Disappearance: Torture without end

Sunset over San Salvador, capital of El Salvador
Sunset over San Salvador, capital of El Salvador

On International Day of the Disappeared, CAFOD’s Clare Dixon shares the story of people who worked at the height of the conflict in El Salvador to make sure people killed by death squads did not just disappear without a trace. Sadly, some of the details of this story are distressing.

The first time I visited El Salvador in 1981 the country was plunged in a brutal civil war. Thousands of ordinary men and women were being targeted by the army and death squads, just for demanding their basic human rights, a decent wage, and freedom of speech. Nobody ventured out after dark for fear of being arrested or just snatched off the streets and I felt an overwhelming sense of fear and dread.

Archbishop Romero, the “voice of the voiceless” who had espoused and defended the cause of the poor and oppressed, had been shot dead as he said Mass in 1980. A year later I was visiting El Salvador to meet with members of his Archdiocese who, with the support of CAFOD, had set up a human rights office. Its task was to provide legal aid to help and comfort the countless victims of violence who had nowhere else to turn when their loved ones had “disappeared” after being captured by the death squads.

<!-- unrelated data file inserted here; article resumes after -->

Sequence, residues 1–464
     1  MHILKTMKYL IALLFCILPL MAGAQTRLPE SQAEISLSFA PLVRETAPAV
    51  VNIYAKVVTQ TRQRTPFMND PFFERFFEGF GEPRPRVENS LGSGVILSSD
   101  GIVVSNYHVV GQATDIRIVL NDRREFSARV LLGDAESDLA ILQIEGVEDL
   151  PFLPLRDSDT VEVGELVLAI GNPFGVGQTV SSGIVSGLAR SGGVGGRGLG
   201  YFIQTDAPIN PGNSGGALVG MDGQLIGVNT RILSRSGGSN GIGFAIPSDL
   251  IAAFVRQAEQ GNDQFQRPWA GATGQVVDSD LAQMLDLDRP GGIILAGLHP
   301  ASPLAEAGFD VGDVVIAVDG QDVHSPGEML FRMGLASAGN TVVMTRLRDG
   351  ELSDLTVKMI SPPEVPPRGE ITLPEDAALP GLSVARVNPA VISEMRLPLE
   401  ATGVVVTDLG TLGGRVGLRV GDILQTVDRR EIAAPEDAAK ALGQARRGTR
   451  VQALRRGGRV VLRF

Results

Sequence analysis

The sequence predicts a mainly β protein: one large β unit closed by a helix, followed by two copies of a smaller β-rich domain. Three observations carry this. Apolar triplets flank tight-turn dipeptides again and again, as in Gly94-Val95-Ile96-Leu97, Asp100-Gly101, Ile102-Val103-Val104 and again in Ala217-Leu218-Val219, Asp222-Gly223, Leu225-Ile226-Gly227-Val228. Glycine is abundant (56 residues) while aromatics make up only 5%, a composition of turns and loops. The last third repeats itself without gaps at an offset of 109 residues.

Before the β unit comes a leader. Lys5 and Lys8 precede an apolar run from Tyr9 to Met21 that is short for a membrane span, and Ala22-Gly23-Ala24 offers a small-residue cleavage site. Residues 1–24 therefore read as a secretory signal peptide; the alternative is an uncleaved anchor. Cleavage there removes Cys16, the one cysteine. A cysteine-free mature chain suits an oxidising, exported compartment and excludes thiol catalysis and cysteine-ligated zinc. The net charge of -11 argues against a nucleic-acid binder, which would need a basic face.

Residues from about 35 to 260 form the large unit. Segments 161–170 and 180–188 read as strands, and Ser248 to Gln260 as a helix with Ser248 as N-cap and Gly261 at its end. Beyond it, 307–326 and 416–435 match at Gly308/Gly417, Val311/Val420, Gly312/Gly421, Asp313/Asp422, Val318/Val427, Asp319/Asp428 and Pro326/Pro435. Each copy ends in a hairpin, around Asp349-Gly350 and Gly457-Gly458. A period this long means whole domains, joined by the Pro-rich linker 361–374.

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Visiting the tomb of Archbishop Oscar Romero

In early February, Clare Dixon, Ben White and Kathleen O’Brien travelled to San Salvador. Here’s a glimpse of their visit to Romero’s tomb on the day it was announced that the Vatican had declared this ex-CAFOD partner a martyr.

Clare and Ben at the tomb
Clare and Ben at the tomb
Around midday, we drive down to the Cathedral, which lies on the Avenida Monseñor Oscar Romero. Street names matter in San Salvador. At the moment there is a fierce argument raging between the current Mayor, Norman Quijano, who wishes to change the name of the road ‘San Antonio Abad’ to ‘Robert D’Abuisson’ after the man who ordered Romero’s death and founded the ARENA political party. We drive along this road and see graffiti saying “Ni calles ni caminos con nombres de asesinos” (Neither streets nor roads with names of assassins).

About the author: In early February, Clare Dixon, Ben White and Kathleen O’Brien travelled to San Salvador. Here’s a glimpse of their visit to Romero’s tomb on the day it was announced that the Vatican had declared this ex-CAFOD partner a martyr.

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Continue reading “Visiting the tomb of Archbishop Oscar Romero”